8. 8. Health and Sustainability Guidelines for Federal Concessions and Vending Operations (HHS/GSA Guidelines)• Increase healthy and sustainable food and beverage choices and practices at federal worksites• Collaborative team: Health and Human Services (HHS) and General Services Administration (GSA)• Translate evidence-based recommendations into food service practices – Align food choices with the Dietary Guidelines for Americans, 2010• http://www.cdc.gov/chronicdisease/resources/guidelines/food- service-guidelines.htm
  9. 9. Operationalizing Food Service GuidelineHow do we establish standards as part of the basic operation of food service?• Guidelines? standards? policy?• Rate and methods of implementation—Gradual, gentle, flexible• Increasing access to and choice of healthier foods • Food vs. nutrient level • Choice vs. restriction• Choice architecture • Pricing strategies • Menu labeling • Marketing campaigns• Increase on-site access – farmers markets, CSAs• Working with stakeholder • Appropriately targeted for population and setting • Organizational support
  10. 10. Operationalizing Food Service GuidelinesStakeholders—producers, suppliers, managers,contracting officers, vendors, dietitians, employees, andconsumers • The health case• Size • The business case• Culture • Economic situations• Nature • Societal needs• Management structure • Cultural acceptability • Environmental issues • Overall sustainability
  11. 11. HHS/GSA GuidelinesNational Prevention Strategy • Achieving access to healthy, affordable food within National Prevention Council departments and (voluntarily) with partners as appropriate • 17 federal agencies Including the DODStates, cities, and communities • CTG • CPPW • Currently model guidelines for at least 12 statesHighlighted in the HHSinnovates award programFull report on the development and initial contracts available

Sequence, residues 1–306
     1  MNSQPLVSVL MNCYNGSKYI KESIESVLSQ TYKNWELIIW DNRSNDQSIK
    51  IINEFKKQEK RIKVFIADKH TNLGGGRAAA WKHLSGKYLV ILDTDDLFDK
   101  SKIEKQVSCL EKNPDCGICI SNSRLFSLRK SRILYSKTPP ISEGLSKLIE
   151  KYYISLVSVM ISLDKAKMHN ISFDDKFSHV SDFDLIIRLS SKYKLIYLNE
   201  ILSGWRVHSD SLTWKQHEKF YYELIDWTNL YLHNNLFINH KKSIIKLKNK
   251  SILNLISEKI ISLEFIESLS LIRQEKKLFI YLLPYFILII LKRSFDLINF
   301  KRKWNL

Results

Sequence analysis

12. 12. HHS/GSA GuidelinesFirst contract: HHS Humphrey Building Cafeteria, Washington,D.C. • Revenues are upNationwide: In the contracts at 28 facilities managed by GSA bythe end of 2013. Additionally, 25 GSA commercialcafeteria operators are voluntarily using guidelines.GSA National Capital Region: More than 20-millionannual transactionsCDC facilities in Atlanta are mostly in line with the guidelines
  13. 13. Implementing HHS/GSA Guidelines at CDC Connecting the right people LeadershipOffice of Sustainability Staff, Go Green Get Healthy Customers Management Analysis, Service Operations
  14. 14. Health and Sustainability Guidelines for Institutional Food ServiceDirect • Influence individuals by changing the food environment • Adults spend considerable time at work as do children in school • More than 100 million Americans eat at work daily1,2Indirect • Influence family behavior and community normsSystem • Couple the production and demand of healthy foods • Develop social structures and cultural norms and values 1 Bureau of Labor Statistics 2 Linnan L, Bowling M, Childress J, et al. Results of the 2004 National Worksite Health Promotion Survey. Am J Public Health. 2008;98(8):1503-9.